Government can work on the issue of homelessness in many different ways, but it is important to note that the problem of homelessness might never be solved entirely, since our form of government in the United States, at least, allows people the right to remain homeless if they so choose, and there will probably always be some people whose choice this is.
First, a substantial part of the homelessness problem is mental illness. Thus, to attack homelessness, the underlying problem must be solved. Many years ago, we de-institutionalized most of the mentally ill, with the assumption that there would be community resources to help them lead normal lives. Those resources did not exist, which exacerbated homelessness a great deal. Those homeless who are mentally ill need clinics and hospitals to treat them, and the government could fund such institutions. Once the underlying problem is addressed, with therapy and/or medication, most mentally ill people can lead full and functional lives.
Second, while homeless shelters are of great benefit, preventing many homeless from freezing to death, they are generally privately funded enterprises, often with religious affiliations that proselytize the homeless while they are there. If the government were to provide more homeless shelters without this limitation and also provide full social services, rather than just beds, the homeless would get help in finding affordable housing, help with learning how to live day to day, and help with becoming socialized sufficiently to properly enter into all the transactions that most people must enter into when they are in their own homes.
Third, there are many communities that have laws that make homelessness illegal and even a few that have made it illegal for people to feed the homeless. This has the effect of pushing the homeless even more "underground," preventing them from remaining in the communities they want to be in and getting even some kind of help. So, this sort of law or ordnance should be done away with, a strategy of eliminating legislation that simply makes things worse.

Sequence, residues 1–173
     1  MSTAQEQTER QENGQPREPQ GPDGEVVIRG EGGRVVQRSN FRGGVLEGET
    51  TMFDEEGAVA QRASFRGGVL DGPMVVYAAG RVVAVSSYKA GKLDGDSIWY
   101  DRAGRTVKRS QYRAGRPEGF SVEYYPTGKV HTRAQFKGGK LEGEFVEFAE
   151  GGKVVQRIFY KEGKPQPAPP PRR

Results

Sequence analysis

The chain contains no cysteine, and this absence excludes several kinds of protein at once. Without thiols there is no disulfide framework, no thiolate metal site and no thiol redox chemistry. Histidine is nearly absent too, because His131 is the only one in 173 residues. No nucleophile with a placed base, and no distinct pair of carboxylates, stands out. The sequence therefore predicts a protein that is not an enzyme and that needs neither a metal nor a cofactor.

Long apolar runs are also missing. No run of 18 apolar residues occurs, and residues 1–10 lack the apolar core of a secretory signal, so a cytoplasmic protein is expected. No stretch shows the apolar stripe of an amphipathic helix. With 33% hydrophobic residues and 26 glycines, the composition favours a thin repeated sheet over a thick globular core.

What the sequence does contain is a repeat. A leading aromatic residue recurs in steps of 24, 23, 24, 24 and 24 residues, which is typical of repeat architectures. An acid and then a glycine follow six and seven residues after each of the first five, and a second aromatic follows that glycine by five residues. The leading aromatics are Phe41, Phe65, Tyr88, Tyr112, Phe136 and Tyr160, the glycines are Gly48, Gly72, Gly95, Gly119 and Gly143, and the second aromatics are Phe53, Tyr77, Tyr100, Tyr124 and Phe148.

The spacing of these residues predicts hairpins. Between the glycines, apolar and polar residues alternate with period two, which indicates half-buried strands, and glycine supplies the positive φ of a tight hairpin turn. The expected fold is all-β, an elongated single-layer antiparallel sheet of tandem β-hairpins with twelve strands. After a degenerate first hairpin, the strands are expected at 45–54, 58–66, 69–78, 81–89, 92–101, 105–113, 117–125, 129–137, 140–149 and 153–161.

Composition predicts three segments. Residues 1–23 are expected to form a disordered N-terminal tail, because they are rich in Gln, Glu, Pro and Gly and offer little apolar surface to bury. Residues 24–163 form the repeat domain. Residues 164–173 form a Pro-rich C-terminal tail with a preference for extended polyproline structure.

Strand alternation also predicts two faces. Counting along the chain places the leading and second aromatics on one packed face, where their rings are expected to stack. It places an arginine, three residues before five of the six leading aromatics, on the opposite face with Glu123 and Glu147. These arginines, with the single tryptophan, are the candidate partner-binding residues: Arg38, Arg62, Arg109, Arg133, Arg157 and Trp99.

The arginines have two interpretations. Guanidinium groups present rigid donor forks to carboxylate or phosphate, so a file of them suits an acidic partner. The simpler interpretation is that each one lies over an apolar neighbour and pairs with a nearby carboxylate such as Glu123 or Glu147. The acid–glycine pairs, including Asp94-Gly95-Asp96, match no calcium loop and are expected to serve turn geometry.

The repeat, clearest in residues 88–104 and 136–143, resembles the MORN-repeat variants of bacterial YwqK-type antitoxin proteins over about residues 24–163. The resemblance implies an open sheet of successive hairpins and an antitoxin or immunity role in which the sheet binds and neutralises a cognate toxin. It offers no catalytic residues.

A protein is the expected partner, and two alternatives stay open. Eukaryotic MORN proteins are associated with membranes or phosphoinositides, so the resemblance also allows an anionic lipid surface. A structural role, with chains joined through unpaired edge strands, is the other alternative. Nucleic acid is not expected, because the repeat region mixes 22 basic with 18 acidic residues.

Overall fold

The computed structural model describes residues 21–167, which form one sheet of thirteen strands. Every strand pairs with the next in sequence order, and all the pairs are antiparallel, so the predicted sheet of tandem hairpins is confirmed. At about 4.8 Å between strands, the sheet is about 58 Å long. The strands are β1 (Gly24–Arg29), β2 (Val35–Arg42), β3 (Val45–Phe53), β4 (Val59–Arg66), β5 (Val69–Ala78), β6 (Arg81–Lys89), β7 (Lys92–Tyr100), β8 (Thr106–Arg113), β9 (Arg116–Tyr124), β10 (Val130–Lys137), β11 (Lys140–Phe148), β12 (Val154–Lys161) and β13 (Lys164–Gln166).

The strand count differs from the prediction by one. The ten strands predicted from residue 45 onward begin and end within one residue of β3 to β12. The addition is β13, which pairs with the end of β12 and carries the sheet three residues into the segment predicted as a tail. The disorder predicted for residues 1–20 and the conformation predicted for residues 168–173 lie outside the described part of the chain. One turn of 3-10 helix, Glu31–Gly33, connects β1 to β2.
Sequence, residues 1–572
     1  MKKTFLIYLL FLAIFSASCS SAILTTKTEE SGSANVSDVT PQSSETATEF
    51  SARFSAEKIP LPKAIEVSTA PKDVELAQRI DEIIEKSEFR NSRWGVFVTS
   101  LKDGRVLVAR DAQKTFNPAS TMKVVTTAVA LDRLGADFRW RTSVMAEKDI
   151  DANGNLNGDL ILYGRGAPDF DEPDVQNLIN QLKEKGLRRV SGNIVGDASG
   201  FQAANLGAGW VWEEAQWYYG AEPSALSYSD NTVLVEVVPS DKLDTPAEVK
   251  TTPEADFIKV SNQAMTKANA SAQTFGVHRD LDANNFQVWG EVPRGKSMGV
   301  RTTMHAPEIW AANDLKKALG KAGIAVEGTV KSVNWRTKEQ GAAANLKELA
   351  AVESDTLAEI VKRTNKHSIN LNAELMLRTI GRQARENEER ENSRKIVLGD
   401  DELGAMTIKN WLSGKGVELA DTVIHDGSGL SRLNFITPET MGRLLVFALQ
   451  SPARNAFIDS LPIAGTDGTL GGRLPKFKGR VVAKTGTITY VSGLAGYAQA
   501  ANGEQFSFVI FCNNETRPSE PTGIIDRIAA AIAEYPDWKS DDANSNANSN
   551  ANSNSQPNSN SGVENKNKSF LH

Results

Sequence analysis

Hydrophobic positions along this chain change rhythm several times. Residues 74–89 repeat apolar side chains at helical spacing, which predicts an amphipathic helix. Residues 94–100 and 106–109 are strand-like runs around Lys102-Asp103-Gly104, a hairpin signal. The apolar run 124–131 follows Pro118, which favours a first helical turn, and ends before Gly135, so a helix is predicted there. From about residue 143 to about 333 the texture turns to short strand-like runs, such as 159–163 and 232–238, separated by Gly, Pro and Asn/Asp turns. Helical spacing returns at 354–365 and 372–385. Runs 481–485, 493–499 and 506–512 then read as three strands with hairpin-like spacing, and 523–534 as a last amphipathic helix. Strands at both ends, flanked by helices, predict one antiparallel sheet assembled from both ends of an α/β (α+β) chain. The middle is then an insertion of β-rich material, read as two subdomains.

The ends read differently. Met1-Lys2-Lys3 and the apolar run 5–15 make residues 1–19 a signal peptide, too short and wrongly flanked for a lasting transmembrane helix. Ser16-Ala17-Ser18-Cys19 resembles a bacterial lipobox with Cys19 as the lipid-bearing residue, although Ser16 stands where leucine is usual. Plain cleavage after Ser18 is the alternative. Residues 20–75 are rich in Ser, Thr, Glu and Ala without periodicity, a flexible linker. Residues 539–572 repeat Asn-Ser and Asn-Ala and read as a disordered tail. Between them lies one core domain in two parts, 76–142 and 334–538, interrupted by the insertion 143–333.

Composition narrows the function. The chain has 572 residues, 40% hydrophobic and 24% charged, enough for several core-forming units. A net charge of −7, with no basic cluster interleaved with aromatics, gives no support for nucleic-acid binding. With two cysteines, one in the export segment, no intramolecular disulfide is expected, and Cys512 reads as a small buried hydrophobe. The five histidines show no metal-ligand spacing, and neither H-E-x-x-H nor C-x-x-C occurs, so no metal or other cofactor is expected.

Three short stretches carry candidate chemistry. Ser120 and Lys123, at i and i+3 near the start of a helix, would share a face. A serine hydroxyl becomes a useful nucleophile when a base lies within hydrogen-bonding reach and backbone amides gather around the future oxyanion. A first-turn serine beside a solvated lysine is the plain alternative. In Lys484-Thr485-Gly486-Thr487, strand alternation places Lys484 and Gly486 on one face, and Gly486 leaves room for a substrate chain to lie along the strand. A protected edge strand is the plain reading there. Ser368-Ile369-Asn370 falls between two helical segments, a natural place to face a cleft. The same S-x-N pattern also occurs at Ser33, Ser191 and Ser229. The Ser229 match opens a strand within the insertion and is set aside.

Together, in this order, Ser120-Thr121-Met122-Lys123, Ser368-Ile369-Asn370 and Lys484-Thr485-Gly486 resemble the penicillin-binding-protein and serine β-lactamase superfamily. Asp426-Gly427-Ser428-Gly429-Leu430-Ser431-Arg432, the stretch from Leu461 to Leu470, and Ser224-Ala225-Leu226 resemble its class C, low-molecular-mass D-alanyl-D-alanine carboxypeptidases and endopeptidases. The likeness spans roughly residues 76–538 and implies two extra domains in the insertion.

Fourth, government can provide affordable housing for people, based upon their income levels, so that anyone who wants to not be homeless anymore can afford housing. Right now, it is my understanding that government housing and government subsidized housing are insufficient, with long waiting lists for many people, and in particular, there is a shortage of what is called Section 8 housing, which is private landlords who agree to take subsidized tenants. This is a problem that affects the homeless, since they, too, if they want housing, are likely to be on a waiting list. Someone homeless who is on a waiting list is going to be difficult to find if housing does become available, and sufficient housing would mean that a homeless person could simply move right in.
Finally, homelessness that is not rooted in mental illness is largely a problem of poverty. There are plenty of families out there who led middle-class lives and who are now homeless, as a result of job losses and mortgage foreclosures. It is easy to say that government should just solve the problem of poverty, but this is a complex problem. Nevertheless, it is a problem that can be solved through government job creation, which is what the government did in the Depression, and which we really should be doing again.
Can any of these interventions happen? On the national level, the political climate is such that this is unlikely. However, there are some local governments who are trying to address the problem in some of these ways.